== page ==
they did in about 1874.  Buying land 3 miles west of Moorevill e. Died Jan.
23, 1906.  He loved to ride horseback and every pretty day co uld be seen
riding over the fields watching the crops grow.  He was a wond erful man this
Grandfather of mine.  Written by Aunt Carrie.

Census Check on Ransopher Heywood Jones:
Year of 1820----Lawrence Co., Ms. Township 9, Roll #57, page 71.
Year of 1830----Rankin Co., Ms. Roll # 71. page 107.
Year of 1840----Washington Parish, La., M-704, page 107, 142.
Year of 1850----Lafayette Co., Ar. Red River Township. Roll #27, page 169.
Year of 1860----Bee Co., Tx. Roll # 1303, Family #330.
Year of 1870----Not found.
Year of 1880----Falls Co., Tx. Family #231 & 239, page 26.
Year of 1990----Falls Co., Tx. Prec. 5, Family #226.

Letter written by Hiram Jones, probably to Ransopher Jones (his brothe r) on 1
Aug., 1866. Hiram would have been approximately 57 years old at t he time.
This is a literal translation of the typed copy from the origin al
hand-written document.

My dear Brother,
     I received your letter of July the first which was thankfully receive d.
It finds us all well. That is those who are living. But it is a heart r
endering thing to give you the sad misfortunes of our family since you la st
heard from us. But the Lord's will be done and not mine. Our good Moth er
(Elizabeth Magee Jones) departed this life the second day of Decemb er of 1865
after a long protracted illness of nearly four years of chron ic diarrhea. But
perfectly resigned to the will of the Lord; so I trust o ur loss is her gain.
I trust we will all meet in that upper and better wor ld where parting will be
no more.
     Brother Anselm (Ansom) died the -- day of February 1861 and his wi fe
died the -- day of February 1866. They left dear five interesting boy s. I
have the care of all of them. I trust my Master will spare me to rai se them.
     Solomon Dobson has lost his wife. She died the 30 Nov. 1865. She le ft a
fine little girl. I have her too.
     William Laird was killed at Marietta, Georgia. He leaves four childre n.
John McLenden was in the seige of Vicksburg and came home sick. He di ed and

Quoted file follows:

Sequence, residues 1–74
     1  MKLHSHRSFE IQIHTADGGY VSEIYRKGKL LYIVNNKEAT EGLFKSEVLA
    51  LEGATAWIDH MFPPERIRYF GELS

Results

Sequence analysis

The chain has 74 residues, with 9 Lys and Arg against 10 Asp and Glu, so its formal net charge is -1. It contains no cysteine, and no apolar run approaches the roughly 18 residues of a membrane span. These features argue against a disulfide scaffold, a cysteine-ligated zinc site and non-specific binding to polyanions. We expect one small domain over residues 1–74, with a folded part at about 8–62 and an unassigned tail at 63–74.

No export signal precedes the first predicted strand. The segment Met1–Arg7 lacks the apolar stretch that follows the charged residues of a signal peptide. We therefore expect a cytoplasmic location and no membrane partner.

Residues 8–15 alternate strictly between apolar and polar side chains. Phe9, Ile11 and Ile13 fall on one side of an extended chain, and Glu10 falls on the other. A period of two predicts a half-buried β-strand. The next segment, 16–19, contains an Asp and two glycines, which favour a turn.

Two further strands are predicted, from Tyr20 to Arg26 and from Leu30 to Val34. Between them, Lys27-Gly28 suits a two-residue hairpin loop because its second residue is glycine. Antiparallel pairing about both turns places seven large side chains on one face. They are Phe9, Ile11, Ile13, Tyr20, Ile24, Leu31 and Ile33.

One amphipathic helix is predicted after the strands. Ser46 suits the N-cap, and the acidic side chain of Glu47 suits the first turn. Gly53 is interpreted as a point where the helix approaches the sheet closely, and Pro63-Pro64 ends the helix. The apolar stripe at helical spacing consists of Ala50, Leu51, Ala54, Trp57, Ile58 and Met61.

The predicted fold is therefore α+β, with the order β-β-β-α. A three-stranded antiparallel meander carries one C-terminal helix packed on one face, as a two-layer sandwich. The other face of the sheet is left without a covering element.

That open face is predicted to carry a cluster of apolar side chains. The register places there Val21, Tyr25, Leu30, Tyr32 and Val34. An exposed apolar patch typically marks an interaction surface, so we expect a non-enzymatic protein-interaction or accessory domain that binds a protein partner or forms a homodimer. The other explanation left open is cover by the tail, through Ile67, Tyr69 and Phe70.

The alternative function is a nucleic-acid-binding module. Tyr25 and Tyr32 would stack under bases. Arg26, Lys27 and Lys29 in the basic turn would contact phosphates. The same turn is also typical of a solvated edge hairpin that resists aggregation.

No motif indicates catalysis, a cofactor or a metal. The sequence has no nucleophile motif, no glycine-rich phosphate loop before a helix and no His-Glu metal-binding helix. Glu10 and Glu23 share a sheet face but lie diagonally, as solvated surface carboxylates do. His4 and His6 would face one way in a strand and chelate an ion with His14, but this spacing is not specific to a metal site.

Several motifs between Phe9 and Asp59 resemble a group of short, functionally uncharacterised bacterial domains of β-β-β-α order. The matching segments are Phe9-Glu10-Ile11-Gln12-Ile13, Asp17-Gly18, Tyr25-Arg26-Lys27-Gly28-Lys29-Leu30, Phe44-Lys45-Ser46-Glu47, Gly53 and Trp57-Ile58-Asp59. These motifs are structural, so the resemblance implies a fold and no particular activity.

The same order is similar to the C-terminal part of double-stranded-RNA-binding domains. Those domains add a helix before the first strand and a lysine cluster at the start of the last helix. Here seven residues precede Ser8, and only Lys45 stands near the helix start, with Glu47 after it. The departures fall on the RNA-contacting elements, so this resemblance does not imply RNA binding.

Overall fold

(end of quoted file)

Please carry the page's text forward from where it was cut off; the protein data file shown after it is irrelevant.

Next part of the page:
leaves five children. My son, Wright, went off in the first compa ny to
Virginia and he came home sick and died. Soloman Dobson is the on ly one of my
family that came through safely, and he was wounded four tim e, but not
seriously. He was in Virginia nearly four years and one of t he best soldiers.
He is now teaching school and studying medicine. I thi nk he will make himself
useful to the age in which he lives.
     Now you may see if it is not heart breaking to think of the misfortun es
of my family. I have with me seven children of my own and five orpha ns and
nine fatherless grand-children. So you may know I have my hands a nd heart
full, but I trust my heavenly Master may spare me to raise the m. I hardly
promise myself any such of life but the Lord only knows low lo ng I have to
live, I don't. But my Prayer in that let my days be many or f ew they may be
spent in the service of my Master and that I may be a gui de to those I have
the care of. I am now in the 56 year of my age and it d on't look like I can
be spared to see our baby raised. He was five years o ld the 30th of last
June. I call him Anselm and Anselm called his last b oy Hiram. He was four
years old last December. His oldest one was 12 yea rs old last May. They all
are the finest looking boys you ever saw. I thi nk I am the strongest man that
I know of for my age, for which I tha nk my heavenly Father for his blessings.
If it were not so I don't know wh at I should do for the war has injured me by
the misfortunes of war, b ut I care not for that. If my family could of come
through safely, but I s ubmit to the will of my heavenly Master. His will be
done. It doesn't lo ok to me like I could stand again what I have stood for
the last five year s.
     After the surrender of Vicksburg the soldiers came by the thousan ds by